Intro: Simple Round Tenon Table Saw Jig.
I've been wanting to try my hand at building rustic furniture out of logs for some time now. I don't have much money to spend on buying the metal tenon cutters available on the internet so I decided to build a simple round tenon jig for use on my table saw.
I'll show you how I built mine.
Step 1: Laying Out the Parts
I searched Google for simple ways of making round tenons. Found a few links but the best information came from a fellow on youtube. Izzy Swan. he has tons of great woodworking ideas and other useful videos.
Here is the link to the round tenon jig I used to build my jig from.
Easy! Round Tenons With Table Saw And Router: https://youtu.be/BuM_dOXw-f4
Step 2: Cut Some Holes
I'm just using scrap wood I have laying around my shop. This is simply press wood I believe used to be from a computer desk. I love to recycle!
Cut a hole in each piece of wood slightly larger then your log. I used my scroll saw but a jigsaw would work fine too.
Step 3: Assembly
Next I decided where I wanted both boards mounted, in this case I have them close to the saw blade to give support to the log while cutting. Leave about 8" or so between the two boards to provide more support and help keep your log straight while cutting.
I had to add two small blocks to my design because the area around my table saw is lower then my table saws deck by about two inches. You can see the blocks in the picture.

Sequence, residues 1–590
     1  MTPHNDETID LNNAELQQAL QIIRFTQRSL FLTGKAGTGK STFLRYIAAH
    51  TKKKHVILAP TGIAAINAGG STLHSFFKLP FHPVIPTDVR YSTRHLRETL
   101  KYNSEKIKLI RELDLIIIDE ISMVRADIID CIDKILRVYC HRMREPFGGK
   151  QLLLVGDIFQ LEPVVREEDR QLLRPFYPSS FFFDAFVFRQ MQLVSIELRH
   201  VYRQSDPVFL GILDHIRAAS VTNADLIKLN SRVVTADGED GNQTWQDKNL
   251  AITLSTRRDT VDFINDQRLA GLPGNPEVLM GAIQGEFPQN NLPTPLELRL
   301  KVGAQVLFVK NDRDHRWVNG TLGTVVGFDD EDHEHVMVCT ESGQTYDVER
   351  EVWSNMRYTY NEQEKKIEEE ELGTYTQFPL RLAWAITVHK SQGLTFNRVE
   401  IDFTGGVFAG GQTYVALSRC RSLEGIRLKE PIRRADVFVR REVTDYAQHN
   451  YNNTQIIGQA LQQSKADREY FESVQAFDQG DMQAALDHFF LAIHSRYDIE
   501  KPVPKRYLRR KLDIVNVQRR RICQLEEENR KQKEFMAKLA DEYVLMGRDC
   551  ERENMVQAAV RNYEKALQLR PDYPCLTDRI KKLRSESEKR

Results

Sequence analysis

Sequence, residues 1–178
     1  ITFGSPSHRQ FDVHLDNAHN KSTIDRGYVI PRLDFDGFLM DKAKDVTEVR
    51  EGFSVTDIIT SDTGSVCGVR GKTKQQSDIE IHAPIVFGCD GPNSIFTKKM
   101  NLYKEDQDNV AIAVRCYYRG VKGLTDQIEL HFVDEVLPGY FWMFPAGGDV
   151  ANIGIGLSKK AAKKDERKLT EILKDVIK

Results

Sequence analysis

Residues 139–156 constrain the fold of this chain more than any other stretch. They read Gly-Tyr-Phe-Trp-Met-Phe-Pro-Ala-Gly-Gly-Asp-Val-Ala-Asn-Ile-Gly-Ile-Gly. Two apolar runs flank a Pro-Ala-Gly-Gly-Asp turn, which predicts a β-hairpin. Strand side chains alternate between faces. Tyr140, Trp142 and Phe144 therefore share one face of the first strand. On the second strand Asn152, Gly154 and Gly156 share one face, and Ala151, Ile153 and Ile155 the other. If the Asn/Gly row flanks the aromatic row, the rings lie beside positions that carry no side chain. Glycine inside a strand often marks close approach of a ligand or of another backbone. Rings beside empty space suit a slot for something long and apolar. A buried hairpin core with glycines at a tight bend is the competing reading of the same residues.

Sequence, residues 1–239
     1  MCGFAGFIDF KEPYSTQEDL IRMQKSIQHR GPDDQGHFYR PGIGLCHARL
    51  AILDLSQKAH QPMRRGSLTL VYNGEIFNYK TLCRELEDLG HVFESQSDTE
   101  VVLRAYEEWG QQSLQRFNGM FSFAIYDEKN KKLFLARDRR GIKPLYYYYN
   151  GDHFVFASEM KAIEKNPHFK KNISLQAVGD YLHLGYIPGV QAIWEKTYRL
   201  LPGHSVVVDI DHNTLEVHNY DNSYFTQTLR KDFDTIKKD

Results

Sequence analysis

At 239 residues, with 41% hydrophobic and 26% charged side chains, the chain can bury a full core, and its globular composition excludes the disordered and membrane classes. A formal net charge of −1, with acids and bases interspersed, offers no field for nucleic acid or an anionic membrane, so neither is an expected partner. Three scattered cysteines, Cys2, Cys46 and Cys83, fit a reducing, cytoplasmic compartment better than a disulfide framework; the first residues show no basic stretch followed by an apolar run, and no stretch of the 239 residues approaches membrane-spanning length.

Step 4: Trying It Out
I secured my jig to my work table with a few screws then slid the log into the jig. Adjust the height of the blade, I started at a low height then as I progressed I raised it more checking the diameter of the tenon after each cut. Once I reached my desired size I turned off the table saw and removed the log. My jig worked fairly well! A little sandpaper and it will be good to use.
While cutting the tenon. I turned the log slowly with my hand while feeding the log into the blade. Everything worked smoothly.
Step 5: Drilling the Hole
I had purchased a 1 1/2" spade drill bit so I could cut a round hole for the tenon to fit into. It works alright, but a forstner bit would be a better choice.
The two pieces fit together well, but I believe I took a little too much off the round tenon which made my joint somewhat sloppy.
Some tweaking and this jig will serve me well.
Thanks for reading my instructable and comment below if you have any questions.